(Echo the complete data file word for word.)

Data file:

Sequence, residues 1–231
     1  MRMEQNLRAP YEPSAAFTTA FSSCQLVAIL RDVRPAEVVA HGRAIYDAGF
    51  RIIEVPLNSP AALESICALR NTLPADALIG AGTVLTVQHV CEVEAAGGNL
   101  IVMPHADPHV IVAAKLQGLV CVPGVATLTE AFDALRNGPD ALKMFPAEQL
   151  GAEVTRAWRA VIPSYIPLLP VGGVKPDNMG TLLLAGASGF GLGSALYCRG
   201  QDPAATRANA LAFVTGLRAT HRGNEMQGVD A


Sequence, residues 1–231
     1  MRMEQNLRAP YEPSAAFTTA FSSCQLVAIL RDVRPAEVVA HGRAIYDAGF
    51  RIIEVPLNSP AALESICALR NTLPADALIG AGTVLTVQHV CEVEAAGGNL
   101  IVMPHADPHV IVAAKLQGLV CVPGVATLTE AFDALRNGPD ALKMFPAEQL
   151  GAEVTRAWRA VIPSYIPLLP VGGVKPDNMG TLLLAGASGF GLGSALYCRG
   201  QDPAATRANA LAFVTGLRAT HRGNEMQGVD A